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How to Help Your Loved One Practice Acceptance During Hospice Care

Learn an Important Method to Support Your Loved One

Practicing acceptance is a powerful concept. Although much attention is paid to “thinking positive” when you’re trying to find strength during difficult times, acceptance may have even more benefits for those who attempt to practice it.

If you have a loved one who is receiving hospice care in their home or dealing with a challenging situation related to their health, you might consider learning how to help them cultivate acceptance. This practice may also be useful for yourself as a family caregiver.

What Does It Mean to Practice Acceptance?

Acceptance is a way of thinking. It’s also an action. As a way of thinking, acceptance may look like this:

  • Understanding the reality of your circumstances.
  • Understanding what is and is not in your control.
  • A willingness to take actions within your control.
  • Bravery to accept and experience what is not in your control.

As a way of acting, acceptance may look like this:

  • Taking steps to solve a problem.
  • Taking steps to improve a situation.
  • Avoiding actions that will negatively affect a situation.

Reinhold Niebuhr, a Lutheran theologian, is said to have penned this poem that fully describes both the mindset and actions required for acceptance, known as the “Serenity Prayer”:

“God, grant me the serenity to accept the things I cannot change,
the courage to change the things I can,
and the wisdom to know the difference.”

In these words, the speaker asks for serenity to understand their circumstances and take action with a measure of calm about the whole process. You don’t have to be religious to benefit, however, as psychologists have also documented feelings of well-being that come with this practice.

If your loved one is receiving hospice care near you, a mindset of acceptance, followed by meaningful action, may help them during a time that is physically, emotionally, and spiritually difficult. Your loved one may benefit from these practices if:

  • They are experiencing physical, emotional, or spiritual discomfort.
  • They feel fear, uncertainty, or hopelessness about their circumstances.
  • They want to find more peace of mind about their day-to-day life.

Practicing Acceptance with Your Loved One During Hospice Care

If your loved one is receiving home care near you, including hospice care or other services like home health care, palliative care, or private duty care, you can play a key support role by helping your loved one to practice acceptance. The same is true if you are a family caregiver supporting your loved one at home.

Try these strategies, which are adapted from “How to Practice Radical Acceptance” by author and psychologist Dr. Tchiki Davis:

  1. Communication: Talk through your feelings with your loved one. Find out what about their circumstances is frustrating or uncomfortable. Putting words to feelings helps create a more clear understanding of present conditions.
  2. Letting go: Work on helping your loved one let go of judgment. This means not labeling a situation as good or bad – it’s just how things are right now. This may help your loved one feel less ashamed, guilty, angry, or fearful about what they’re going through.
  3. Remember to breathe: Mindfulness and breathing exercises may help your loved one to relax and accept both the good and challenging aspects of their present circumstances. If you’re new to mindfulness, consider these suggestions from our blog.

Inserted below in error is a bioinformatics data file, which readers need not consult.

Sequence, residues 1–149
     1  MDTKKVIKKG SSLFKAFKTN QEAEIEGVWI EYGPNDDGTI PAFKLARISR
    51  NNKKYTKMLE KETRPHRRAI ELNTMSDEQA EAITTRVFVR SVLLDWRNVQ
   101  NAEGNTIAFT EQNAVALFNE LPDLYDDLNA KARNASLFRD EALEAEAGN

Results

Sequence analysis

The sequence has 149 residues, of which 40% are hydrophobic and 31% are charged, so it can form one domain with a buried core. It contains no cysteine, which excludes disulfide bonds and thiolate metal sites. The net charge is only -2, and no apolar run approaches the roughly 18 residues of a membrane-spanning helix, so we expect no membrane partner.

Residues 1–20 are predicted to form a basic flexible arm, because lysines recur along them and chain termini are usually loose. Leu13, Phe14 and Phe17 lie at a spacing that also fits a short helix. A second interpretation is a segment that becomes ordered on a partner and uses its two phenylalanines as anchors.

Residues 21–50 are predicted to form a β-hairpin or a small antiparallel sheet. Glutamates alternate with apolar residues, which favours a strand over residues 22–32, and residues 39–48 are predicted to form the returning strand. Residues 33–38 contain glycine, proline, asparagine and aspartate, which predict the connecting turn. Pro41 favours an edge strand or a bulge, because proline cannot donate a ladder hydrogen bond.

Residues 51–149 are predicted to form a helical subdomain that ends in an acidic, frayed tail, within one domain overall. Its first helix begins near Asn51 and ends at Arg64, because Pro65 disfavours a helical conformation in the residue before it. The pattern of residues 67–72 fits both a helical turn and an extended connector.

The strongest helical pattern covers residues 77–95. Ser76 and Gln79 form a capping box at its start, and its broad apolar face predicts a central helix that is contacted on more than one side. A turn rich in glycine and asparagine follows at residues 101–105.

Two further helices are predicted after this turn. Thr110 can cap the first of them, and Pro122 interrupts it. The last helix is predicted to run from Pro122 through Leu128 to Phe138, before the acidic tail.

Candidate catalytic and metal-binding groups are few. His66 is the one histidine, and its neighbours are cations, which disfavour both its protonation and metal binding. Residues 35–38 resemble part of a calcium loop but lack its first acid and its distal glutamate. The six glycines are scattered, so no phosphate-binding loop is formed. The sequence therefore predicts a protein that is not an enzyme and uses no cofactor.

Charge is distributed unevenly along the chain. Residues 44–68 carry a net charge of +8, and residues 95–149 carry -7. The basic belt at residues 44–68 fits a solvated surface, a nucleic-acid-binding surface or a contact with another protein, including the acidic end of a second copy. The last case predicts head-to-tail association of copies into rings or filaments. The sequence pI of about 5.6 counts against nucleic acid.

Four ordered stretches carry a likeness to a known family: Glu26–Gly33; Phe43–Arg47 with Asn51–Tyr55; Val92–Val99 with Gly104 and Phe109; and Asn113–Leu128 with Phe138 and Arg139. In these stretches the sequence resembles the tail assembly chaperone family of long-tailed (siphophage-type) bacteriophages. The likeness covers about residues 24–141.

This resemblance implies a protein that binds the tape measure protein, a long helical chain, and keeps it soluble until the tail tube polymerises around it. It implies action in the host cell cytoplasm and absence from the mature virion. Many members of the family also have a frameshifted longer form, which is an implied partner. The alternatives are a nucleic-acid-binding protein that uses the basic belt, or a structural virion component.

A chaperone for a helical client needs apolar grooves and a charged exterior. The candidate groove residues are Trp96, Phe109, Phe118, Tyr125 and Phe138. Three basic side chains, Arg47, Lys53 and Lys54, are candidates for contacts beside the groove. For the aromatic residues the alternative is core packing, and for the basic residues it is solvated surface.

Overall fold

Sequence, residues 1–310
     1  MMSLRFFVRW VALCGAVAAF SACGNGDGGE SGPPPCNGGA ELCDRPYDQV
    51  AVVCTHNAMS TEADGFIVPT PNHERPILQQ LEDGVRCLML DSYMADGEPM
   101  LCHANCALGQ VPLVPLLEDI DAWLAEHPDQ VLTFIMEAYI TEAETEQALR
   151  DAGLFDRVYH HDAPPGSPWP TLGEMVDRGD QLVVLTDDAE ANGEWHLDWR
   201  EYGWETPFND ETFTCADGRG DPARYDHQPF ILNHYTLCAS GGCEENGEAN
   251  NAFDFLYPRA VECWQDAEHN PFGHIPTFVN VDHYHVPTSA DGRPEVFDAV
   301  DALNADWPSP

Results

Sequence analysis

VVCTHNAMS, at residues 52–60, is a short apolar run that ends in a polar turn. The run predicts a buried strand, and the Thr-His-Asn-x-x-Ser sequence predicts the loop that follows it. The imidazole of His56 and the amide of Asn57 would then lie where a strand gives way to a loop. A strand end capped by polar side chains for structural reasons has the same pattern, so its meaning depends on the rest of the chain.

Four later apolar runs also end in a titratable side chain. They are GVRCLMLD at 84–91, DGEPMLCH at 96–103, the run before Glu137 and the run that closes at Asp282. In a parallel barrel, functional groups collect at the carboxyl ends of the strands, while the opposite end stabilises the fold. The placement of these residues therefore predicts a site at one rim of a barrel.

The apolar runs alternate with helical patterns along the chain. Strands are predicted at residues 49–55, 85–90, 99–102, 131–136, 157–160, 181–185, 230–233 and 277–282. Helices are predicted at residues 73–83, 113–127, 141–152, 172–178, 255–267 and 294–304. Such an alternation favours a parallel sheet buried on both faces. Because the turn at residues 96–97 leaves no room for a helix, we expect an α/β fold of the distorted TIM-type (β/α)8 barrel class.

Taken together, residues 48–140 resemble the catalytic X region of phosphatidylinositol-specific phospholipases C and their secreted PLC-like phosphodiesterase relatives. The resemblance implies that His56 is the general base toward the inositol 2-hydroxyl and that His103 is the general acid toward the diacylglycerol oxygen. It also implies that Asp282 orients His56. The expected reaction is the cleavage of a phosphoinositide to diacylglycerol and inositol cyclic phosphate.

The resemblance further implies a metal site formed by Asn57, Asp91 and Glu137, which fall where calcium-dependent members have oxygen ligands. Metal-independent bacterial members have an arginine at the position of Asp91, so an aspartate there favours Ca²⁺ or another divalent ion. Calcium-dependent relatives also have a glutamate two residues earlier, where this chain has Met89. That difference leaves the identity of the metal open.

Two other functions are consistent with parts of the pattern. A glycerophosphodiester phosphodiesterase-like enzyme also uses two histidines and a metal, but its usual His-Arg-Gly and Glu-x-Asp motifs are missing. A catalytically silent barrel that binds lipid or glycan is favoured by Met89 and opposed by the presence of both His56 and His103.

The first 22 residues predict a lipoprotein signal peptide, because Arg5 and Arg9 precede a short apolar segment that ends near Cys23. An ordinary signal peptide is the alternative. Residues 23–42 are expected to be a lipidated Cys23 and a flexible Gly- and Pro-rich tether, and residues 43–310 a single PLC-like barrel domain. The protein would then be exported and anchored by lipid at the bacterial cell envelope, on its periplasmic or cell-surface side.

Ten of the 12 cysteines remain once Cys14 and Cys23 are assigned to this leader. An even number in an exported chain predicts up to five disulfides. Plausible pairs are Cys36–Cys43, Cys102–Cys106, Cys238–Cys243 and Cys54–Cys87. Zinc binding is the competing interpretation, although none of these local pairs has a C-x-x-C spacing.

4. Planning: Make a list of what can and can’t be controlled. For example, your loved one may not be able to change the fact that they are homebound, but that doesn’t mean there are actions they can take to make life feel more comfortable or engaging.
  5. Into action: Take specific actions, which may mean following the recommendations of doctors about sleep, diet, medications, exercises, and more. It may also mean regular meditation; picking up the phone when loved ones call; streaming a religious service on the phone, tablet, or TV; reading motivational literature; or other acts that you both determine could help your loved one feel better.

Of course, practicing acceptance with a loved one receiving hospice care may be easier said than done. However, according to Dr. Davis’ article, independent studies reveal health benefits, including:

  • Lessened anxiety
  • Fewer negative thoughts and feelings
  • Relief from chronic pain

How Hospice Care Provides Physical, Emotional, and Spiritual Care

You don’t need to pretend you’re an expert at helping your loved one through a challenging time. You can also rely on compassionate professionals to help. When your loved one receives services from a leading provider of hospice care, their physical, emotional, and spiritual care is in good hands.

Hospice care in the home includes services that make a difference in how your loved one views their circumstances, such as chaplains for spiritual counseling and trained volunteers for encouragement and support.

You may find that your family also requires support, particularly as hospice care nears its end. Hospice care includes bereavement services, which may include understanding the stages of grief and how to accept a loved one’s passing.

You, your family, and your loved one have the power to experience difficult healthcare circumstances with grace, courage, and comfort – and a provider of hospice near you can help immensely. Learn more, beginning with this article on the levels of hospice care provided through Medicare.

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